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Bulletin | Covid-19

The Canada Emergency Response Benefit (CERB): How Does it Work?

Reading Time 3 minute read

Labour, Employment & Human Rights Bulletin

On March 25, 2020 the Federal Government announced that a new benefit would be available to employees unable to work because of COVID-19 - the Canada Emergency Response Benefit ("CERB"). This bulletin provides an overview of the new CERB and how it affects employees' entitlements to Employment Insurance ("EI") benefits.

What is CERB?

The CERB provides $2,000 a month for up to four months to individuals who have ceased working due to COVID-19. By contrast, EI benefits are 55% of normal weekly earnings, up to a maximum of $573 per week.

The CERB replaces the previously announced Emergency Care Benefit and the Emergency Support Benefit.

When will the CERB be available?

The online portal to apply for CERB will be available in early April 2020. The Federal Government has committed to making CERB payments within 10 days of application.

The CERB is paid every four weeks and available from March 15, 2020 until October 3, 2020.

Who is eligible?

The CERB is available to individuals aged 15 or over who:

  • had income of at least $5,000 in 2019 or the 12 months preceding their application for the CERB;
  • cease working for reasons related to COVID-19; and
  • receive no income for at least 14 consecutive days within the four-week period for which the CERB is claimed, regardless of whether they are EI-eligible or not.

According to the Federal Government's announcement, this would include individuals who are:

  • unemployed due to termination of employment;
  • sick;
  • quarantined;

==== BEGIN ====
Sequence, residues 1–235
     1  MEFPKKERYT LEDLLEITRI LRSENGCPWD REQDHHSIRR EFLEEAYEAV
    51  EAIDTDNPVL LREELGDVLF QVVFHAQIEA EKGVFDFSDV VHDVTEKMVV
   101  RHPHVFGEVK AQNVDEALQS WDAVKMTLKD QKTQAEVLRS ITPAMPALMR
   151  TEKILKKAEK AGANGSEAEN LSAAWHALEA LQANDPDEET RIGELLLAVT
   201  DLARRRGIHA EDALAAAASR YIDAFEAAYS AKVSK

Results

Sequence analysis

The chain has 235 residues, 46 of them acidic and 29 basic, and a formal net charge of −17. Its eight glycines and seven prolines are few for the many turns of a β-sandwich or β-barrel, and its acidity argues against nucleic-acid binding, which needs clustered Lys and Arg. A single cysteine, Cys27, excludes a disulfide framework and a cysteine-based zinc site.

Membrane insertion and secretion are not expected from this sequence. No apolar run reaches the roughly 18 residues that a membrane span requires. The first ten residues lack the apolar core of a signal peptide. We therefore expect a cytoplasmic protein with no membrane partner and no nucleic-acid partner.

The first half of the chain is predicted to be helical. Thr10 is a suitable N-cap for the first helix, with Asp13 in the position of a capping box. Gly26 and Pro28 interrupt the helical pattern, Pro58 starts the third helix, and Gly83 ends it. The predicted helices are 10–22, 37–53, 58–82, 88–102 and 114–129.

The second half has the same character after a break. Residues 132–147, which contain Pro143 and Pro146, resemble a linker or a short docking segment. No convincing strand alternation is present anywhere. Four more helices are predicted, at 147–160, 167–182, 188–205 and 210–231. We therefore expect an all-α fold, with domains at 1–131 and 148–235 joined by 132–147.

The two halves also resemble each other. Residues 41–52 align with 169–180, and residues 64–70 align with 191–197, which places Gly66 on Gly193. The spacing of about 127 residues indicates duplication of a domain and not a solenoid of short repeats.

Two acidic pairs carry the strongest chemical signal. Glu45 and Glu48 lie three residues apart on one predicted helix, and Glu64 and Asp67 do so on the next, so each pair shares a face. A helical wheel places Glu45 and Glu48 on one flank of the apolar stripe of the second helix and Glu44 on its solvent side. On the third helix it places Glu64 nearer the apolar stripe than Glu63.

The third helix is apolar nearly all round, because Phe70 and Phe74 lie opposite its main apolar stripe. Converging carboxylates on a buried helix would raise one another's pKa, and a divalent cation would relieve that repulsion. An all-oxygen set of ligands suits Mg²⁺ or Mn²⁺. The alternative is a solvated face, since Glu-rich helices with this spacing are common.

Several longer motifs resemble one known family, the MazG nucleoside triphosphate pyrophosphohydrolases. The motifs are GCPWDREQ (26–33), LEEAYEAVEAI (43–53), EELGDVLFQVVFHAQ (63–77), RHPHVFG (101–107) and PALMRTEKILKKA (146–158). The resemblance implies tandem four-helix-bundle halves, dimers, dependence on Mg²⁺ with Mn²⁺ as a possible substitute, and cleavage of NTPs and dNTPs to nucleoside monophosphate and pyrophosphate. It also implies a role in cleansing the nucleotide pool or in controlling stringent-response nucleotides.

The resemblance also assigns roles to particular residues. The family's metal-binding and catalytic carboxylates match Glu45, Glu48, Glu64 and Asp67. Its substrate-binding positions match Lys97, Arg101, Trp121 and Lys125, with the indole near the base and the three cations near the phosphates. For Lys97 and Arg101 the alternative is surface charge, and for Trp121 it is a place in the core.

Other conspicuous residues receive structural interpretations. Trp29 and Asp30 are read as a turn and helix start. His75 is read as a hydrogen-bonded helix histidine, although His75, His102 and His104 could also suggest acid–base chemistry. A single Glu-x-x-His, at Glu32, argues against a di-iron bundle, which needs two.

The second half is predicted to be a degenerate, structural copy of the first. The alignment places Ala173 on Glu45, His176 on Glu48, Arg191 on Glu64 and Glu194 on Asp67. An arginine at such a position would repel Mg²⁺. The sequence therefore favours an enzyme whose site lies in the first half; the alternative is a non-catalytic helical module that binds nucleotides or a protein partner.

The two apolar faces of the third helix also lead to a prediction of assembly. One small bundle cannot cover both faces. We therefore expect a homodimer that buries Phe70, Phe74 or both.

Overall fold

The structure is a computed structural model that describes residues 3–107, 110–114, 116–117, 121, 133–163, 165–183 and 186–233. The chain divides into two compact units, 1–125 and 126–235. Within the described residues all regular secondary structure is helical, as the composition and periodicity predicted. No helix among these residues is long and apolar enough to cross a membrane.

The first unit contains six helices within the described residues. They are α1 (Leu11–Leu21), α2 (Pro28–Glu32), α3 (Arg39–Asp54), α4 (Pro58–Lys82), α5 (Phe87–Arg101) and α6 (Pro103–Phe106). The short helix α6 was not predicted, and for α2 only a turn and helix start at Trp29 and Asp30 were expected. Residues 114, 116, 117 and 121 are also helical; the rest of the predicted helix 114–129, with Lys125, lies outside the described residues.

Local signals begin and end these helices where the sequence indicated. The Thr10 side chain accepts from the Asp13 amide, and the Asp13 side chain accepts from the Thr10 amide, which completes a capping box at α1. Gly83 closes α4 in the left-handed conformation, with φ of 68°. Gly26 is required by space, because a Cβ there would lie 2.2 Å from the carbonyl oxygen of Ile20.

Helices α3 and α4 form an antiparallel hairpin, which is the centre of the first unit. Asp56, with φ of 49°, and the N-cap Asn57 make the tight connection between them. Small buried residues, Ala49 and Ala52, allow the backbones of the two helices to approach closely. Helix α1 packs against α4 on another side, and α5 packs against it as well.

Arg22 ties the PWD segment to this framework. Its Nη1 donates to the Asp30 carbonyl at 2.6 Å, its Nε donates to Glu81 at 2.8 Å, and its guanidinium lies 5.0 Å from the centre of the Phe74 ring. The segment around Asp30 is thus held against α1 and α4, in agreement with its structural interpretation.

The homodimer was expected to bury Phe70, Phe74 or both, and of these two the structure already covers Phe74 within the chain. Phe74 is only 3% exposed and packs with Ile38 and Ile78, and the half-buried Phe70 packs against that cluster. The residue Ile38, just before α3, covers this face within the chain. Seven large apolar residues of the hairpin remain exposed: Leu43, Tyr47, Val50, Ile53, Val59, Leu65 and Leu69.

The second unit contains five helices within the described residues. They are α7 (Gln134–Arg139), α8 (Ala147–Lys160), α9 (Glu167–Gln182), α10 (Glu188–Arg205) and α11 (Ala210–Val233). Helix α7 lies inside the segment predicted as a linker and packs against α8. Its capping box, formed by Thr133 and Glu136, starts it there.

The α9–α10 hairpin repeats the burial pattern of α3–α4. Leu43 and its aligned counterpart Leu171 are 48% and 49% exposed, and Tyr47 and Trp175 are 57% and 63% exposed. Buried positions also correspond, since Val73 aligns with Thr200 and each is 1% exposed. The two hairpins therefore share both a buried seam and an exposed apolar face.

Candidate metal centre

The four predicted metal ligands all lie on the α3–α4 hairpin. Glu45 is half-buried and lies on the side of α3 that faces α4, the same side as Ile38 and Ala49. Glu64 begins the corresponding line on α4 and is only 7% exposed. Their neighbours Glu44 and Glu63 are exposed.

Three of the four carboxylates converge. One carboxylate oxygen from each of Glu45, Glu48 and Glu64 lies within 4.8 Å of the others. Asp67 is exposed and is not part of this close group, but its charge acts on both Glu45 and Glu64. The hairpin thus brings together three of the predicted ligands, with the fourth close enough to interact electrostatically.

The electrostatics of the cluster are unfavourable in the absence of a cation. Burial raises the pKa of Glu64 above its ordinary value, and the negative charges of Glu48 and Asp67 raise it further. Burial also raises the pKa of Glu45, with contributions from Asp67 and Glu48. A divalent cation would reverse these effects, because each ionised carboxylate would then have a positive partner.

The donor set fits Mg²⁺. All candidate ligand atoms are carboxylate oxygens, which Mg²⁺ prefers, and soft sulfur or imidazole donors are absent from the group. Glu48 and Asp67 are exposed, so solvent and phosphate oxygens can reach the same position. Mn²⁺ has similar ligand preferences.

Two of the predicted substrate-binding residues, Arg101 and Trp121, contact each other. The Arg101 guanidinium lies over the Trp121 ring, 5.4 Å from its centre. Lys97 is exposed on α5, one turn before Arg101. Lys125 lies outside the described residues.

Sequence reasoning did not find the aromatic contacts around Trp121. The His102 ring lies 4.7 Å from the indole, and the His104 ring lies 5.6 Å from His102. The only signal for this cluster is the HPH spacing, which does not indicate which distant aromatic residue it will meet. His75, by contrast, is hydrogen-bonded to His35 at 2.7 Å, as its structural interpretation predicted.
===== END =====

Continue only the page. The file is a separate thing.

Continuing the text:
• taking care of someone who is sick with COVID-19;
  • working parents who must stay home without pay to care for children who are sick or at home because of school and daycare closures;
  • still employed, but are not receiving income because of disruptions to their work situation due to COVID-19; and
  • contract workers and self-employed individuals who would not otherwise be eligible for EI.

An employee who quits voluntarily is not eligible for the CERB.


As mentioned above, the CERB is available to eligible individuals whether they are EI-eligible or not. The Federal Government has indicated that:

  • individuals who are already receiving EI regular and sickness benefits would continue to receive their benefits and should not apply for the CERB;
  • individuals who have already applied for EI and whose application has not yet been processed would not need to re-apply. It is not clear whether this means that the EI applications already in the system will continue to be processed in the normal course or be automatically "converted" into CERB applications; and
  • individuals whose EI benefits cease before October 3, 2020 could apply for the CERB once their EI benefits cease, if they are unable to return to work due to COVID-19.

It is not clear whether the CERB will replace EI entirely during the period of March 15, 2020 to October 3, 2020, as the Federal Government's announcement seems to suggest that individuals can continue to apply for EI.

Can an employer provide top-up payments to the CERB?

As of now, the answer is no. Individuals are eligible for the CERB if they do not receive income from employment or self-employment during the days on which they have ceased working. It remains to be seen if the Federal Government will introduce regulations that would allow individuals to receive top-up benefits from their employers without eliminating or reducing the CERB, similar to the Supplemental Unemployment Benefit Program for EI.

Is the CERB taxable?

Despite media reports to the contrary, the Prime Minister stated in his televised address on March 27, 2020 that the CERB is taxable, but deductions will not be made at source.  That will mean individuals will receive the entire $2,000 every four weeks.

At the time of writing, we are still awaiting details of the program, including the application process. If you have any questions in the meantime, please do not hesitate to reach out to us.

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